Mason and City of Fairfax Celebrate 50 Years of Partnership
Posted: February 9, 2009 at 1:00 am, Last Updated: November 30, -0001 at 12:00 am
Mason and the City of Fairfax celebrated their partnership with the unveiling of a sculpture by Mark Sistek at City Hall on Feb. 10. Shown above, from left, are Jeff Greenfield, City Council member; Alan Merten, Mason president; Gary Rasmussen, City Council member; Sistek; Robert Lederer, mayor; Laura Elliott, descendant of the Farr family, which owned the land purchased for Mason’s Fairfax Campus; Page Johnson, City commissioner of the revenue and a former member of Mason’s Board of Visitors; Dan Drummond, City Council member; and Joan Cross, City Council member.
Creative Services photo
By Dave Andrews
Mason has come a long way from its humble beginnings. It didn’t take long for it to shed its subordinate status as a branch of the University of Virginia and achieve national prominence on its own.
Last month, Mason was applauded by the Princeton Review for arriving “at an impressive reputation in less than a quarter of the time it has taken for schools of comparable quality.”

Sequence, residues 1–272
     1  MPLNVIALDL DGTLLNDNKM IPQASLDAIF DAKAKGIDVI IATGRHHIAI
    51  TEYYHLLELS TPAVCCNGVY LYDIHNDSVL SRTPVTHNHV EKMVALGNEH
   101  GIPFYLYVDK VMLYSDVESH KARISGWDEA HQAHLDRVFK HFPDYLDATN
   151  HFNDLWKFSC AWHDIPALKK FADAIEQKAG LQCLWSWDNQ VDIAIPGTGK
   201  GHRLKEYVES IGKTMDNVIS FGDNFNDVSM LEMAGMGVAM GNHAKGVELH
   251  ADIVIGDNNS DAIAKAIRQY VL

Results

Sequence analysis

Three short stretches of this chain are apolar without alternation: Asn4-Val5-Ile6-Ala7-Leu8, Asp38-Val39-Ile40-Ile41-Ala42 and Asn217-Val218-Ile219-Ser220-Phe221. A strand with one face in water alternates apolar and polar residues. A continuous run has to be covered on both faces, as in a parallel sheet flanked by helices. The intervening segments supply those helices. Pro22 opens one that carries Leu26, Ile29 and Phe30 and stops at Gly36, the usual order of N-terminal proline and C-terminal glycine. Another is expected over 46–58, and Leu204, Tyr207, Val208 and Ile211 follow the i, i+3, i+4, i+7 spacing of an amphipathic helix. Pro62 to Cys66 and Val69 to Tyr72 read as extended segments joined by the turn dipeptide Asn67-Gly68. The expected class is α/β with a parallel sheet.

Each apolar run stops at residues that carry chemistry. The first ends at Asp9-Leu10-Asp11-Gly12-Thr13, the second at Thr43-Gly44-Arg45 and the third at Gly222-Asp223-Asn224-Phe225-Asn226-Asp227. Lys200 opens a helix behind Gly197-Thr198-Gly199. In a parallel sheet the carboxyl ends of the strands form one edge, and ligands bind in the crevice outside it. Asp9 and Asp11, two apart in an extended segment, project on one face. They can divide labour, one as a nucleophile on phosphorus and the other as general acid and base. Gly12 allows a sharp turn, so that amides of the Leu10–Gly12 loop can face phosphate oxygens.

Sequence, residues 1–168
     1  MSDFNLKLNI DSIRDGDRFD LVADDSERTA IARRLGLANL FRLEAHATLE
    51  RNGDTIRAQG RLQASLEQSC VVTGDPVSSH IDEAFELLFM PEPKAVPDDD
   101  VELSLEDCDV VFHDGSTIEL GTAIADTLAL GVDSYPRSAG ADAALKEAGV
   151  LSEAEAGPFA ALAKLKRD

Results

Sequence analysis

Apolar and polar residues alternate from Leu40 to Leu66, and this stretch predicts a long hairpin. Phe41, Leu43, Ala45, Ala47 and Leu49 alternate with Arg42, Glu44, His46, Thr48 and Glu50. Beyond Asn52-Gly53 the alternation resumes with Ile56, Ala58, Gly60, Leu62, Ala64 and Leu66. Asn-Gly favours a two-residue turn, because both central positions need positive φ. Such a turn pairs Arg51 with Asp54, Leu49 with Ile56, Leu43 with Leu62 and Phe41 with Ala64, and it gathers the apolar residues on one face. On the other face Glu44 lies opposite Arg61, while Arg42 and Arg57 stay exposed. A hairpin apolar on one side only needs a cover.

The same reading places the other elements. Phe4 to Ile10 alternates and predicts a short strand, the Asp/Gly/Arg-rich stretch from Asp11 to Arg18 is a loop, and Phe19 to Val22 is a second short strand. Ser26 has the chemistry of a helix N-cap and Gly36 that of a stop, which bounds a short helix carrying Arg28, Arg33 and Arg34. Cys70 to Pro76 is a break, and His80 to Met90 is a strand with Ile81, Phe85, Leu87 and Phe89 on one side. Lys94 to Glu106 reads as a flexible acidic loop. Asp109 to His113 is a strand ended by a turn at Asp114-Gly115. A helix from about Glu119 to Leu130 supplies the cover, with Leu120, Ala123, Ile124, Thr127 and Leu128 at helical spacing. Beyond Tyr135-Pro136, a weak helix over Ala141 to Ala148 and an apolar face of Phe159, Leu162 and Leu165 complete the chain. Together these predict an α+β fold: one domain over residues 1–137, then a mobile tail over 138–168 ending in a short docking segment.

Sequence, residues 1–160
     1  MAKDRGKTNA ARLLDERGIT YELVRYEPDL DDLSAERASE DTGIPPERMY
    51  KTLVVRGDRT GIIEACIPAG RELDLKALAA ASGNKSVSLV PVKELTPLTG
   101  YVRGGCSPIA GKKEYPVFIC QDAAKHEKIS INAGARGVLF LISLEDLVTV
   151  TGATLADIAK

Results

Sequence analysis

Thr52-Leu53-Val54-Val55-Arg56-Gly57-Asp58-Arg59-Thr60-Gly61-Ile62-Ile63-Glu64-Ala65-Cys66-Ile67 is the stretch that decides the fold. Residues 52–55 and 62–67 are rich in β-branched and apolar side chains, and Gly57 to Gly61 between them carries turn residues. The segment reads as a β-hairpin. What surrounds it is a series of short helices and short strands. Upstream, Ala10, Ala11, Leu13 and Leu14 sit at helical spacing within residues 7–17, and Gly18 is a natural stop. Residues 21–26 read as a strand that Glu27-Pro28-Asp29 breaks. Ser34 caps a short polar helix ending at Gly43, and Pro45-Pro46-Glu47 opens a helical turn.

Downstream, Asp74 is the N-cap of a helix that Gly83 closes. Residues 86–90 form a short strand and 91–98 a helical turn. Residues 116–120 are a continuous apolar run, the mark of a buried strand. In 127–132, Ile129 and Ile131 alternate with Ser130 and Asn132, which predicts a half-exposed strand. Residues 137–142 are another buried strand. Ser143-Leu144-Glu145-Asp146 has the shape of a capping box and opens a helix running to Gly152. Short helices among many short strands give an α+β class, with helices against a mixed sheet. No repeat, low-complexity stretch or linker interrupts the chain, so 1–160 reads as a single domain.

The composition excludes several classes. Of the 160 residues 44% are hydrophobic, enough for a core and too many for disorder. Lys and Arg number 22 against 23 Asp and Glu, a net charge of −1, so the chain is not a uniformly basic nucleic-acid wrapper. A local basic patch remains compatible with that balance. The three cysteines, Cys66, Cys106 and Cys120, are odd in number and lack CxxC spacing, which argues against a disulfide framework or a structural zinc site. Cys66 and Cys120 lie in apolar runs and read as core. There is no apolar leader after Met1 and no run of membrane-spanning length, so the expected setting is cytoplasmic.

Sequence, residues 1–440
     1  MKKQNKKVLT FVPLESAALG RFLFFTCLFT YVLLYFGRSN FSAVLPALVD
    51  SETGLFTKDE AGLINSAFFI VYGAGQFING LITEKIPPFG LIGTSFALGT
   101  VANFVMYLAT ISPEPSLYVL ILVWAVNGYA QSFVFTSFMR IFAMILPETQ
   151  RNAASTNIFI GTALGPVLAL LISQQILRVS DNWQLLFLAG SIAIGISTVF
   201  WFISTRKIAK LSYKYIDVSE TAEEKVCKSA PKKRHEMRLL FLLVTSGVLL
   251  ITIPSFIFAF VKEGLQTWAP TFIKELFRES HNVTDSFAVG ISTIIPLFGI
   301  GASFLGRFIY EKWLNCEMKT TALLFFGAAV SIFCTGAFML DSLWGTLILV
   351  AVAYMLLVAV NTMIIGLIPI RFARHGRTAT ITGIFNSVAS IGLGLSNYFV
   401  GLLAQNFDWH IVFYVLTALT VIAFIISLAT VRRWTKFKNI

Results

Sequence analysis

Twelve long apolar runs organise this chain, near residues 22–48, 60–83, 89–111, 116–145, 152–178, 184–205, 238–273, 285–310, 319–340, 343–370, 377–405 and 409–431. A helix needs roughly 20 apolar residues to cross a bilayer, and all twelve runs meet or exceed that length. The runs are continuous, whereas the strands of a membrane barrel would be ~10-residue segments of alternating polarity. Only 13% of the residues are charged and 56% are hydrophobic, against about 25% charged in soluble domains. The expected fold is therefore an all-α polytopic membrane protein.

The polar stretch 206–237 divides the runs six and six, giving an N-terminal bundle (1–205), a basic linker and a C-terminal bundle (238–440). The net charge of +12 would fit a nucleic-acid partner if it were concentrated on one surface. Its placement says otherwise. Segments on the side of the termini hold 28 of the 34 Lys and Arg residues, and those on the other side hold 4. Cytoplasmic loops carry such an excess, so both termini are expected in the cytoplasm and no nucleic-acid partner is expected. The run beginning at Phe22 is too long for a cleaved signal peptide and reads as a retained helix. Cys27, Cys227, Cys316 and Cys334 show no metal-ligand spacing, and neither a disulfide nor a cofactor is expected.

Thanks, in part, to its advantageous location near the nation’s capital, Mason quickly developed into an innovative, entrepreneurial institution. The university’s location close to the heart of the City of Fairfax has also been beneficial to both entities. This year, the two celebrate 50 years of partnership.
Mason’s beginnings were filled with uncertainty. Mason, or the University College of the University of Virginia, as it was originally known, was created in 1956. In 1957, students and faculty set up shop in an abandoned, eight-room elementary school in Bailey’s Crossroads. But it took another two years for the young school to find a permanent home.
The unveiled sculpture, titled “Fenwick’s Farrsight,” is embossed with the number “50” to commemorate the 50 years of Mason-City of Fairfax partnership.